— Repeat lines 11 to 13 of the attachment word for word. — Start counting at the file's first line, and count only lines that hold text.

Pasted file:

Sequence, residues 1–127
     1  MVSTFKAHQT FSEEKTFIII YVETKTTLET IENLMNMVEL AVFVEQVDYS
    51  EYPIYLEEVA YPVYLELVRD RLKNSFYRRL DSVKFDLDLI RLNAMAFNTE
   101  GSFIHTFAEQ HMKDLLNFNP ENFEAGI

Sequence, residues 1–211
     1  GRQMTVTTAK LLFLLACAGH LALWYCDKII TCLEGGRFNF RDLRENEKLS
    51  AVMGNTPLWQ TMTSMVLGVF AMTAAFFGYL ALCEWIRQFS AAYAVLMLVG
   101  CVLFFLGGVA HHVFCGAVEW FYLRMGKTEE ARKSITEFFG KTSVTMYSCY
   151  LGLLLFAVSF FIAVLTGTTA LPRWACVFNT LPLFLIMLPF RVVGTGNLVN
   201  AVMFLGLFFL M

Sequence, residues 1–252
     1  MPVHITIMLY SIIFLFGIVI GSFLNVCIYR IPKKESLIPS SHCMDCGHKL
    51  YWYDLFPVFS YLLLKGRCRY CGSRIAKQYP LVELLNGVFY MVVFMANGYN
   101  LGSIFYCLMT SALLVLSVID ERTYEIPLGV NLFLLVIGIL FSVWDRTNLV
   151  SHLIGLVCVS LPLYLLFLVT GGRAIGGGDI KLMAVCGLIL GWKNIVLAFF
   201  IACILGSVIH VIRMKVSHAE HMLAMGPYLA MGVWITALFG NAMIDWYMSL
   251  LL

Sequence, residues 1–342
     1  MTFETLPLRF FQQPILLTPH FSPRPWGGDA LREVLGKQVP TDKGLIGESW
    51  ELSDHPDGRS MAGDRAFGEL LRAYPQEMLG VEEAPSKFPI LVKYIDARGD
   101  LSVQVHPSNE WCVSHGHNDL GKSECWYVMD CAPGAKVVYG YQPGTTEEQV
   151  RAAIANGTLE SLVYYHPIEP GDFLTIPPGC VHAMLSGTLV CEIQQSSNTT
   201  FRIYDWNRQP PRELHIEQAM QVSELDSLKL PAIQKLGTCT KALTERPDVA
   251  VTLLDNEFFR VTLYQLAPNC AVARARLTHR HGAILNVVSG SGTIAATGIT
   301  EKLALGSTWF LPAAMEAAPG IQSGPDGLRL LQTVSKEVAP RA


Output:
Sequence, residues 1–252
     1  MPVHITIMLY SIIFLFGIVI GSFLNVCIYR IPKKESLIPS SHCMDCGHKL
    51  YWYDLFPVFS YLLLKGRCRY CGSRIAKQYP LVELLNGVFY MVVFMANGYN